Students often place every college prep test in the same category. That’s understandable.
But as you start to study for these tests, it’s important to know that there are key differences between the AP Exams and the SAT/ACT. Understanding these differences and using them to your favor can make the difference between a stellar and a just-okay score.
As we countdown to the first AP dates, scheduled for early May, we are publishing a series of insightful information to guide you through the preparation process. If you haven’t yet, make sure to read our tutors’ thoughts on what you should do now to get ready for the tests.
So what exactly differs the APs from other tests? Here are 4 characteristics that make the APs a unique and important part of the college preparation process:
Purpose: What is the AP for?
If the SAT and ACT are admission tests, the APs are preparation and advanced placement tests. That means that while the first two are used by colleges to evaluate your likelihood of succeeding in higher education, the latter actually sets your success in motion. Virtually all universities award credit based on AP Exams, allowing you to skip introductory courses and advance straight to higher level ones.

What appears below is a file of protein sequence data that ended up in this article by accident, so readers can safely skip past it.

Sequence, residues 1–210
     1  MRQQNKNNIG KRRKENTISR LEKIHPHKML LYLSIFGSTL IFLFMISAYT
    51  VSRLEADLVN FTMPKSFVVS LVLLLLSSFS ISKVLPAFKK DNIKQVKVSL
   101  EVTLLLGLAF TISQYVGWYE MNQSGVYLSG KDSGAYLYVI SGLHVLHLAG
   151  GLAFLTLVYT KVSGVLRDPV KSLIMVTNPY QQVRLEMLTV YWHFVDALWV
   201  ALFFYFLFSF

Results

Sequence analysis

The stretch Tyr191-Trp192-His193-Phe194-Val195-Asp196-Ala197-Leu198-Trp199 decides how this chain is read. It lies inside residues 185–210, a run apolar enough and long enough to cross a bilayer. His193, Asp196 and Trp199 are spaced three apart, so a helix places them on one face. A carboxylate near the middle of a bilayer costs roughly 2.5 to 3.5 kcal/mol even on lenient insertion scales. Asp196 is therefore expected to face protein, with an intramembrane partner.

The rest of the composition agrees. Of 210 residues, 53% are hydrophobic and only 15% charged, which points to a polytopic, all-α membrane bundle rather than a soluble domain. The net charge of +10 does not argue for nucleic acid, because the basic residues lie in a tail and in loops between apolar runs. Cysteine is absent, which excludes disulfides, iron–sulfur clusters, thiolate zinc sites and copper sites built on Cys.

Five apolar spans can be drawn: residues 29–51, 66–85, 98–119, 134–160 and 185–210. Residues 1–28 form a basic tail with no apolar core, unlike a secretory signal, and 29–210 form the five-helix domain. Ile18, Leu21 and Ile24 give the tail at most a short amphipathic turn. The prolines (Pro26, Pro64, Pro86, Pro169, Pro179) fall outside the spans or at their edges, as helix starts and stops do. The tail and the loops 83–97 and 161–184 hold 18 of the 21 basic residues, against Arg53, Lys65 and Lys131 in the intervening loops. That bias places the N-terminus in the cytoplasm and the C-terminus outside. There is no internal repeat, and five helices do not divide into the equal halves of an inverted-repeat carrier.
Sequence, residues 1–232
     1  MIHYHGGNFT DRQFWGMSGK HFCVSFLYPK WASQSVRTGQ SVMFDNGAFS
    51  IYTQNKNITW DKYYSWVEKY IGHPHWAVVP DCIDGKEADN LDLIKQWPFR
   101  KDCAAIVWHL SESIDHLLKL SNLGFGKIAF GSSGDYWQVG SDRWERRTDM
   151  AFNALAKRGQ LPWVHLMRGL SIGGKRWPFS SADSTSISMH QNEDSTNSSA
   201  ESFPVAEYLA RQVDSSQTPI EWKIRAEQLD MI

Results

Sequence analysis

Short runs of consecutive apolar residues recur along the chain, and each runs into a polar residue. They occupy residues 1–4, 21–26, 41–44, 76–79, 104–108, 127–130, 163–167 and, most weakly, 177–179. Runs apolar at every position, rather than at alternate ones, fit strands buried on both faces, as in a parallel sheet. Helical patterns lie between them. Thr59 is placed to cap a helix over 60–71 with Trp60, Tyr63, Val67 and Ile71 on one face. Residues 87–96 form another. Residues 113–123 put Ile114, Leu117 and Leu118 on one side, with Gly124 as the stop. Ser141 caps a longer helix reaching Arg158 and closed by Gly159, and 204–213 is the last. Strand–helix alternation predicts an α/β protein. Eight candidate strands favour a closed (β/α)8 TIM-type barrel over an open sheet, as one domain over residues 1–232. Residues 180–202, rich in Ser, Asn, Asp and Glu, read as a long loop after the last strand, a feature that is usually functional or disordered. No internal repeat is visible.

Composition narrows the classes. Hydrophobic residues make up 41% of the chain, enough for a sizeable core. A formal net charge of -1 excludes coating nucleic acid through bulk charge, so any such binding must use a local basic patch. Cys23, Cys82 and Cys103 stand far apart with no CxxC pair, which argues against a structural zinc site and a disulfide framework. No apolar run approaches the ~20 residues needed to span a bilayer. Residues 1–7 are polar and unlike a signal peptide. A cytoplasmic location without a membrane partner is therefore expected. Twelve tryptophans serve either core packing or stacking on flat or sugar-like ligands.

The APs are usually a bit shorter than the SAT and ACT. Most of them last between 2 and 3 hours. They also include a “free response” section where students formulate their answers essay-style—without the help of predetermined multiple choice answers.
Here’s some good news: APs are easier to study for than admission tests (which doesn’t mean they are easier to ace). If you are taking—or have taken—the equivalent AP course you are testing in, you should expect the test content to be similar to what you learned in class. It won’t be exactly the same, as each AP teacher runs their class differently, but it is a great start. More importantly, the content for each test is restricted to that subject—while other tests involve (at least) a mixture of reading interpretation and math.
The SAT and ACT are extremely important during the admissions process—but in certain cases they don’t paint the whole picture. That’s where the APs come in: They are the perfect opportunity for students to showcase to their target colleges/universities the range of their knowledge and interest. There are 38 different AP Exams, each focusing on a different subject. If you have mastered Art History or Microeconomics, for example, taking the APs gives you the chance to stand out.
So now what?
Now that you know what makes the APs so important, and how to give a boost to the next 3 months of preparation, it’s time to get moving.
If you need help, reach out. Our professional tutors specialize in teaching for the APs and are qualified to build a personalized study plan for you. Contact one of our dedicated academic advisors now to get started!